AIM Trimark Investments has launched the INVESCO Global Real Estate Fund. The new fund will make global investments primarily in real estate securities and real estate-related companies such as REITs. The fund focuses on total return through a combination of capital growth and income, AIM said. INVESCO's Real Estate team managed over $31.7 billion in assets including $9.1 billion is in real estate securities, as of Sept. 30, 2007.
Over the last year and a half, Deutsche Bank has been fortifying its presence in Latin America's structured markets. With director Brigitte Posch at the helm, the team of bankers devoted to the region has swelled from one -just her-about a year and half ago, to seven. In yet another sign that the cross-border arena is not where the action is, Posch said at IMN's recent conference, "Securitization in Mexico," that the team is throwing its weight behind domestic markets. And ABS playground Mexico isn't the only game in town. The bank is working on local deals in Peru and Colombia, the latter boasting firmly established ABS and MBS industries that have witnessed scant participation from foreign bankers and other overseas players.
Royal Bank of Scotland Group chief credit strategist Bob Janjuah estimated that the credit crunch would cause $250 billion to $500 billion of losses at banks and brokers around the world. The estimate includes not just losses on subprime-mortgage-related bonds but also the new accounting standard that goes into effect Nov. 15 known as FAS 157. It will force companies to put values on opaque securities and could lead to write-downs of as much as $100 billion at firms including Morgan Stanley and Goldman Sachs, according to Janjuah. If the estimate is accurate, it would mean the credit-market troubles that began this summer are just beginning. The total amount of write-downs already announced by Citigroup, Merrill Lynch and the other Wall Street firms is only about $30 billion to $40 billion. But Janjuah's number is in a league by itself. Not only is the upper end of his range roughly what the U.S. has spent on the Iraq war, it is about equal to the market caps of the three largest U.S. banks, Citigroup, J.P. Morgan Chase and Bank of America, combined.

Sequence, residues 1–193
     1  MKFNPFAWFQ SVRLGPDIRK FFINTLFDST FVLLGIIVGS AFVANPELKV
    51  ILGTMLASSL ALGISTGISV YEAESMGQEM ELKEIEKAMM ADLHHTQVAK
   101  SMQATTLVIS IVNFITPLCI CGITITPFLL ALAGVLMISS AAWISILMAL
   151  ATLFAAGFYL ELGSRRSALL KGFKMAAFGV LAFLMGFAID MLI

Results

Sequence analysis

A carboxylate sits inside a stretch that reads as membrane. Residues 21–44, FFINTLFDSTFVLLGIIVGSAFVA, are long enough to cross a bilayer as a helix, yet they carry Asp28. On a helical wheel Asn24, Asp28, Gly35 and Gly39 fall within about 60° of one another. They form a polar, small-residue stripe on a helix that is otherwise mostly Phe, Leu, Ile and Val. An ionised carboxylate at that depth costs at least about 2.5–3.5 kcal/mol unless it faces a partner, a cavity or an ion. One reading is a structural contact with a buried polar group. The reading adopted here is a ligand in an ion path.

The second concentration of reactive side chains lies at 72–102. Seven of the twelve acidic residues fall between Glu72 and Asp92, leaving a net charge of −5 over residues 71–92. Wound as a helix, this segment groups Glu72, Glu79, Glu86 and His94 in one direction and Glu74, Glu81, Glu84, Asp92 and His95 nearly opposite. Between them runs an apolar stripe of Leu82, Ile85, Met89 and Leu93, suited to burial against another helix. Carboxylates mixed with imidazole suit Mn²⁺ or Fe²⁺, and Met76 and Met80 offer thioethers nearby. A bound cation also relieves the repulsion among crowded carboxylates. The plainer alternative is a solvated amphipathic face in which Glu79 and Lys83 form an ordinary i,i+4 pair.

ACA Capital Holdings reported a net loss of $1 billion for the third quarter of 2007. The company said the loss was a result of $1.7 billion of net unrealized mark-to-market losses in the company's structured credit portfolio. These losses were a result of ongoing RMBS trouble and resulting depressed market valuations, ACA said. Net income for the first nine months of 2007 was $7.5 million, a major drop from $40.8 million for the same period in 2006. The decrease was primarily due to asset impairments in the company's CDO Asset Management business and unrealized losses in its credit fund, ACA said.
Standard & Poor's said it will begin making its credit ratings and credit market information available to subscribers of Lewtan Technologies' ABSNet. Lewtan will now offer S&P's current ratings actions and presale reports on ABS, RMBS and CMBS. ABSNet users will also be able to view S&P research for deal-specific transactions, opinions on key risk and performance factors, commentaries on credit market developments and outlooks and reviews of global rating trends, the company said.
McKee Nelson recruited Alice F. Yurke as partner and co-head of the firm's structured products group. From the New York office, Yurke will work alongside the other structured products co-head, William Gray, to expand the firm's business in this market. Yurke, who joins from Morrison & Foerster, where she was a partner, has advised many financial institutions in structuring financial products for hedging, arbitrage, balance-sheet management and liquidity.
Ambac Financial Group has moved Paul A. Burke, managing director at Ambac, to a newly created position as head of fixed income investor relations for the financial guarantee company. Burke joined Ambac in 2005 and has been responsible for business development and client relationship management in the structured finance group.
Before joining Ambac, Burke was a managing director in the securitization business of JPMorgan Chase. He worked in both Asia and Europe on JPMorgan's Asian securitization team. Before his stint at JPMorgan, Burke held several positions in global asset-backed securities, including head of emerging markets securitization at Standard Chartered Bank and, head of the Latin American ABS team at Kidder-Peabody. Burke was initially an associate with the law firm of Debevoise & Plimpton.
CRE CDO issuance is set to decline over the next few quarters, according to a recent report from Moody's Investors Service. Indeed, the two most significant metrics for tracking commercial loan strength, Moody's debt service coverage ratio (DSCR) and its loan to value ratio (LTV), were weaker in the third quarter of 2007, the rating agency said. The DSCR - which provides an indication of term default risk - reached a new low of 1.22 for 3Q07, roughly half the level of the third quarter just two years before, Moody's said, noting that this indicated a pickup in term default risk. Overall LTV ratios reached a new high of 117.5 for 3Q07 conduit deals, which may represent the peak for the near term. This is because better-underwritten loans have yet to be widely securitized, the rating agency said.
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